Even though it’s common knowledge that most European countries are more conscious and proactive about solving environmental problems, I was quite impressed to learn first-hand what this actually means during my trip to England. The first thing that struck me was the sheer amount of environmental media coverage. Almost every night I inevitably ran into some sort of TV program related to environmental issues as I casually flipped channels at the end of the day. In my first few days there alone, I came across shows and news segments about gardening, climate change, energy sources, and waste management.
Public transportation in Britain is quite fantastic, and would be even better if it were more affordable. Comfortable and aesthetic trains connect the major cities and even many small towns. Within cities and small towns buses run quite frequently and provide comprehensive coverage. Thanks to its wonderful grid of public transportation, I could travel around Britain quite easily without a car. Moreover, because the public transportation was so good, taking a taxi even seemed like something of a luxury.
Despite its frequency and great coverage, getting around Britain isn’t cheap. Car-drivers suffer from high gas prices and a daily tax of 5 pounds to drive within the center of London. Public transportation isn’t always too affordable either. Single fare trips on the London Underground can cost 3 pounds (almost $6)–compare that to a single fare of $2 on the NYC subway–and inter-city train tickets that can cost up to nearly 71 pounds (nearly $140). Regular riders can get cheaper deals in bulk, membership, or buying long-term passes, but this is not practical or possible for everyone.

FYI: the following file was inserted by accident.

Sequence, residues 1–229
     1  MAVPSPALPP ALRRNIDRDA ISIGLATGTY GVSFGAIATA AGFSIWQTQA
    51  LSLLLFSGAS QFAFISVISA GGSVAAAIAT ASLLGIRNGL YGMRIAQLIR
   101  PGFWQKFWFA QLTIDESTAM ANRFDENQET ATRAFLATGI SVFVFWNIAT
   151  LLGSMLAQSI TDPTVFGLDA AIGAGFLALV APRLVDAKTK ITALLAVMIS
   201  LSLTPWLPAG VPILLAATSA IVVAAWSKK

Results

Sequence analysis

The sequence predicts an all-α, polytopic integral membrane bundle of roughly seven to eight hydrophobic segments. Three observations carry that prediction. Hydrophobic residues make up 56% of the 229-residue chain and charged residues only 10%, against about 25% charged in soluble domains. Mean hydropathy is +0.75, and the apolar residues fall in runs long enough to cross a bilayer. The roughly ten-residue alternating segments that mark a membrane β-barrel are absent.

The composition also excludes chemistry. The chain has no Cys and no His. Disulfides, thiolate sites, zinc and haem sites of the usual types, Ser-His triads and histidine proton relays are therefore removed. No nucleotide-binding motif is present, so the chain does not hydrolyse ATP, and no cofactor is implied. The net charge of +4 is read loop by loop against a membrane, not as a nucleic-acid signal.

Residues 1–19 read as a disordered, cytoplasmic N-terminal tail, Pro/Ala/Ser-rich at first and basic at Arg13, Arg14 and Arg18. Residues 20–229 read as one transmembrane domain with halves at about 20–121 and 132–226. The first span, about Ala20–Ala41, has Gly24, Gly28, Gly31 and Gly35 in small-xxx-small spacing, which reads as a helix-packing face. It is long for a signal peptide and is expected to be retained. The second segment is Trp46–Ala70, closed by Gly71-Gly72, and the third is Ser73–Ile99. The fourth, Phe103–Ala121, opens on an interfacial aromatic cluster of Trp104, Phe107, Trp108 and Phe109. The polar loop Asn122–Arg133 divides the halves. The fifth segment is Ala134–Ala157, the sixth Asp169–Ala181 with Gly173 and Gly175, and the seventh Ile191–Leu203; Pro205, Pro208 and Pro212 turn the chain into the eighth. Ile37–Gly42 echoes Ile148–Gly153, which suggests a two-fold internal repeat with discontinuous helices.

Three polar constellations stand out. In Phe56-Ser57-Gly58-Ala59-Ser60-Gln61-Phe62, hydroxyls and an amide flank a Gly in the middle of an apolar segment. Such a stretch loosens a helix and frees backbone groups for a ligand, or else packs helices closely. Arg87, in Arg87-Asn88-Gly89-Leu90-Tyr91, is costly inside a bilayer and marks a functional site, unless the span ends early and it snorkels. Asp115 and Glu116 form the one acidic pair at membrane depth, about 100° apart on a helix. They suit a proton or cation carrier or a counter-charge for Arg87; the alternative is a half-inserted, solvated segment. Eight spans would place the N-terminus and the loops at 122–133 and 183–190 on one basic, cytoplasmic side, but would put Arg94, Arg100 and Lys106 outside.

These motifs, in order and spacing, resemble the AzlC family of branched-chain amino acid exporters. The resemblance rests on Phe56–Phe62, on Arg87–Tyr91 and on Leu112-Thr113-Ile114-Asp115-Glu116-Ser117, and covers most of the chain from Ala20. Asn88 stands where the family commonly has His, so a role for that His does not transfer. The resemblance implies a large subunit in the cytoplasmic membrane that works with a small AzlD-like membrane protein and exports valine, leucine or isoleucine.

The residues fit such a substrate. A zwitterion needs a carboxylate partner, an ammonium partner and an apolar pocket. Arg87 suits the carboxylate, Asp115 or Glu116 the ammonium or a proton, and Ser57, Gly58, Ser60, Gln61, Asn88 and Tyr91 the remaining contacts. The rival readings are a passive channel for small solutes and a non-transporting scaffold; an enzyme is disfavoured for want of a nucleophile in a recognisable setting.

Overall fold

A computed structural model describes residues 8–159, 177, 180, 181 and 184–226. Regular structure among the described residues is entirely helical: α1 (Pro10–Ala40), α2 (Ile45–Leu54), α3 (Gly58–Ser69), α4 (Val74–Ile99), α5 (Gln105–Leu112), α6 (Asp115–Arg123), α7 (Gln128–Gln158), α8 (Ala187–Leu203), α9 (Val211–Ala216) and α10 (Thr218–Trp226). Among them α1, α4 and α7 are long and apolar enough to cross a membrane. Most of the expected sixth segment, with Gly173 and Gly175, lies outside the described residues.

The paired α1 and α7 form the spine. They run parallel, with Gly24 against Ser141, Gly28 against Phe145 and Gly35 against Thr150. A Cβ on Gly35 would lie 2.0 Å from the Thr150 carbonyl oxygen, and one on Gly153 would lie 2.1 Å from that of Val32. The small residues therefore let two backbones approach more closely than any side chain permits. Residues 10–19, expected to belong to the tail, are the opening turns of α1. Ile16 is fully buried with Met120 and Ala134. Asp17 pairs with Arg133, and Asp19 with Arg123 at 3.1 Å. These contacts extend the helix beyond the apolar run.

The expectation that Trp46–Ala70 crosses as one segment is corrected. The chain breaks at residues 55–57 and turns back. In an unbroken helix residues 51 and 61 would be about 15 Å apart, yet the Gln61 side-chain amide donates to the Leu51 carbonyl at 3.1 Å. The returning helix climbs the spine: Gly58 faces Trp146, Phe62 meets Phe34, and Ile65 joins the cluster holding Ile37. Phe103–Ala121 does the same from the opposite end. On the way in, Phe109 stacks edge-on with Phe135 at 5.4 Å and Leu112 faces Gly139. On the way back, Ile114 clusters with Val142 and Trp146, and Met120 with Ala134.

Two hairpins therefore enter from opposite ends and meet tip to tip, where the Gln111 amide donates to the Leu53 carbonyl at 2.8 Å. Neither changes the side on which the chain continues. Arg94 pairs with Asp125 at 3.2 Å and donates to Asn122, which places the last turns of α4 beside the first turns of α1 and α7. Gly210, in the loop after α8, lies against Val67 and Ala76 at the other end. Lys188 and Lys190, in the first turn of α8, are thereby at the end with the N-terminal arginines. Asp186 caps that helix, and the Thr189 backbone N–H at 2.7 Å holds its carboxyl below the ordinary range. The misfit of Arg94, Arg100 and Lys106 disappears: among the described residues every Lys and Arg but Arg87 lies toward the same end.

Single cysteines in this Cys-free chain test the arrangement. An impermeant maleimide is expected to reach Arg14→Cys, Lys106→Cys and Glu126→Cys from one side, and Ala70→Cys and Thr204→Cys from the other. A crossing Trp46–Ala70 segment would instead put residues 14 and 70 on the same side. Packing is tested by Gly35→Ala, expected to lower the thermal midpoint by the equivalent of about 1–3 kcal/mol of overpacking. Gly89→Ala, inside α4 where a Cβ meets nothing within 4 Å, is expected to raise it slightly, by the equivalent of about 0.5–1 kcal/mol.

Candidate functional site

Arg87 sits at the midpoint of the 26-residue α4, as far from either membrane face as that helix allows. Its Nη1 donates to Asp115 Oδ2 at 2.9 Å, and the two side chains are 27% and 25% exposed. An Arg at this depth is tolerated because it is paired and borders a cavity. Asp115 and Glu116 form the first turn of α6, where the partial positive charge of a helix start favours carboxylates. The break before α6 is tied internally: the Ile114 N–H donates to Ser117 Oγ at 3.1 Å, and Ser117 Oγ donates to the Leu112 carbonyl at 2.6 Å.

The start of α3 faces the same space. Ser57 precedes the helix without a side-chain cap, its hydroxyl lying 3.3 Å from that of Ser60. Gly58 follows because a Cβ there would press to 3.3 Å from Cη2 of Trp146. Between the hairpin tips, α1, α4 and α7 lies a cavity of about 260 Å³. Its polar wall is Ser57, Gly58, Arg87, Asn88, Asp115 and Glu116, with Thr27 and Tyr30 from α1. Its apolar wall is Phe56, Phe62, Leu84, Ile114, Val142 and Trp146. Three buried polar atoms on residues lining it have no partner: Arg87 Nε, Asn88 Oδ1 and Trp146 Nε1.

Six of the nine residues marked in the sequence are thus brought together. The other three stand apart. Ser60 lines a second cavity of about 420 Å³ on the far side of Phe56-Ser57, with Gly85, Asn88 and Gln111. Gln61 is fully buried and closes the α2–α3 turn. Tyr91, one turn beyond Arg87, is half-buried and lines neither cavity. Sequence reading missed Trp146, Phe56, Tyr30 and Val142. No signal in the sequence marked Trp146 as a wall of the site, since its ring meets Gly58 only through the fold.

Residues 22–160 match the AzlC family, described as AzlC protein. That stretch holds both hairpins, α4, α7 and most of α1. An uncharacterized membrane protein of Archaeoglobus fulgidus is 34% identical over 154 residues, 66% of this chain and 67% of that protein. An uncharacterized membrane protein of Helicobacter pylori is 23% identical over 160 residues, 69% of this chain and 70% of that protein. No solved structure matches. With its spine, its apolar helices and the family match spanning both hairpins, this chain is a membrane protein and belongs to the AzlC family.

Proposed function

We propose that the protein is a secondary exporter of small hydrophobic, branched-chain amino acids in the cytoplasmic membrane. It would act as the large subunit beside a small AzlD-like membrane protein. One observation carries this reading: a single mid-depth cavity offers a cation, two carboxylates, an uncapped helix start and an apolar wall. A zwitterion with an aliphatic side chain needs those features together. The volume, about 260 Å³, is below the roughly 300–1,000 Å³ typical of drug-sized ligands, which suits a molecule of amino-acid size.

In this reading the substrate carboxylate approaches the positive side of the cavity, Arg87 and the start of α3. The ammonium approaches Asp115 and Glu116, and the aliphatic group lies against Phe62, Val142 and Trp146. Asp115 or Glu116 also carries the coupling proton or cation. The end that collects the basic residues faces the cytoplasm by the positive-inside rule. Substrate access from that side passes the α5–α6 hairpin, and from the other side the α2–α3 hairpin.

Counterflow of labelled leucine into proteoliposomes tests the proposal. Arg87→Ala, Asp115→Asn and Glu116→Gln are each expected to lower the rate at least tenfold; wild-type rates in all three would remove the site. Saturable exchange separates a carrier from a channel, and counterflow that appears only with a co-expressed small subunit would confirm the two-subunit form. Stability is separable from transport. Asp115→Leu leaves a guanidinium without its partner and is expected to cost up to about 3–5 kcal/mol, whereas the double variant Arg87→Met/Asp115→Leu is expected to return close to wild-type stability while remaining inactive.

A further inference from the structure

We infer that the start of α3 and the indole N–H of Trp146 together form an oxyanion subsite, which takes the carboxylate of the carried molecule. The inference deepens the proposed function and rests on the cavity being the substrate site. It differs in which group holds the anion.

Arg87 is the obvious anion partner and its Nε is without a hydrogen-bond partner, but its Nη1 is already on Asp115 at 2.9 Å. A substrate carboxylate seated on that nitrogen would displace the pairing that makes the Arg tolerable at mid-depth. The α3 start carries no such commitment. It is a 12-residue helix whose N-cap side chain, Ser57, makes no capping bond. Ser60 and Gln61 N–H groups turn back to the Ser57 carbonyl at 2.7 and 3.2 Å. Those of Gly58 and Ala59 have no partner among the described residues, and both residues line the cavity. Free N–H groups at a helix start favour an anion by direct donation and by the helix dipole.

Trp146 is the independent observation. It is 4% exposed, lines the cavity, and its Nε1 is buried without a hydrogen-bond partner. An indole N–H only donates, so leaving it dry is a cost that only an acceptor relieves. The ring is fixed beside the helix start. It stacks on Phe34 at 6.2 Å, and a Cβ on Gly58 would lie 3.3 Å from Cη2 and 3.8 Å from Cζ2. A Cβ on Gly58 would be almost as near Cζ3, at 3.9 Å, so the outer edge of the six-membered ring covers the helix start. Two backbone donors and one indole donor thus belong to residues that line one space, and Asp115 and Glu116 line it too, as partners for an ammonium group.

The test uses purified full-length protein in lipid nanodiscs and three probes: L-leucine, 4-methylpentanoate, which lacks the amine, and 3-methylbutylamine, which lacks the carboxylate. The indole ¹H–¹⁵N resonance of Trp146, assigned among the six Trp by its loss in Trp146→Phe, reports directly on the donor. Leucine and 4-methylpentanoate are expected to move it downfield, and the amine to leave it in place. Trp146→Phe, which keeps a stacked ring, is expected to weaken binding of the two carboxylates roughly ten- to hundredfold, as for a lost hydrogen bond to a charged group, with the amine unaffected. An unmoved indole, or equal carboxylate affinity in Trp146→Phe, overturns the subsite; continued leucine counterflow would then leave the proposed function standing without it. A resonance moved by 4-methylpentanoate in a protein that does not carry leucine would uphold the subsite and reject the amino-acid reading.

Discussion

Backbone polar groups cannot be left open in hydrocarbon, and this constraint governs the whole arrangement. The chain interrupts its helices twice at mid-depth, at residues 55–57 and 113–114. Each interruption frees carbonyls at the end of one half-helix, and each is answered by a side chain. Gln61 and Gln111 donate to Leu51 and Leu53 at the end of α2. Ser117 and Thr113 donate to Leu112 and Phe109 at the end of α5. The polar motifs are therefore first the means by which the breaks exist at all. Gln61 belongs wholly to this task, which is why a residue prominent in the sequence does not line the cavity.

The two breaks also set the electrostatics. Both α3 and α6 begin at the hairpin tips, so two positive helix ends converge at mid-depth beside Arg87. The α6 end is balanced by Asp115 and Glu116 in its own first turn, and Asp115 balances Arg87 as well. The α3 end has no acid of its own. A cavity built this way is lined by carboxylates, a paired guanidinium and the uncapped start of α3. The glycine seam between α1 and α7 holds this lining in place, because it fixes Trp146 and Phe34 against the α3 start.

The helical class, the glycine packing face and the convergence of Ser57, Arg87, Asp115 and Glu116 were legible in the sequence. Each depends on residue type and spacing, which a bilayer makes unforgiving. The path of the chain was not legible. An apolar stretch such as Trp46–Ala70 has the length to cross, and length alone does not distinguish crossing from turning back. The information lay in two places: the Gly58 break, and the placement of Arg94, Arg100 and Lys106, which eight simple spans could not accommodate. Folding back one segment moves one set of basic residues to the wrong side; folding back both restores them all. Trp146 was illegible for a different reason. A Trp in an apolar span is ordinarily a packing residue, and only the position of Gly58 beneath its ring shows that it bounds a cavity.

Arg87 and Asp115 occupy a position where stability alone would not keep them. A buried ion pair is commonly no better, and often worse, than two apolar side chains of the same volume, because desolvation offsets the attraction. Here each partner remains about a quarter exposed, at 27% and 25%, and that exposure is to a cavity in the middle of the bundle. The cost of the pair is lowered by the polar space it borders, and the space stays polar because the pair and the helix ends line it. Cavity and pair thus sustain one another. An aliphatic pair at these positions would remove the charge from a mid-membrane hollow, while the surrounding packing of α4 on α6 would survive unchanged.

Returning to the positive aspects, strolling through the cities and smaller towns, I was also very impressed with their gardening/landscaping ethic. While few people there own as much land attached to their house as an average U.S. suburban family does, many make the most of what they do have by planting beautiful flower patches and shrubs. Parks and green corners within cities also don’t seem uncommon. Despite its urban intensity, London for example boasts many large open spaces: Hyde Park, Kensington Gardens, Hampstead Heath, Regents Park, in addition to many green squares in the city.
Despite the crummy weather, in Britain people walk to get places. They discuss the environment and even though they’re doing much better than us in the USA, they still seem to beat themselves up over how much more they could do. Cheers, mates.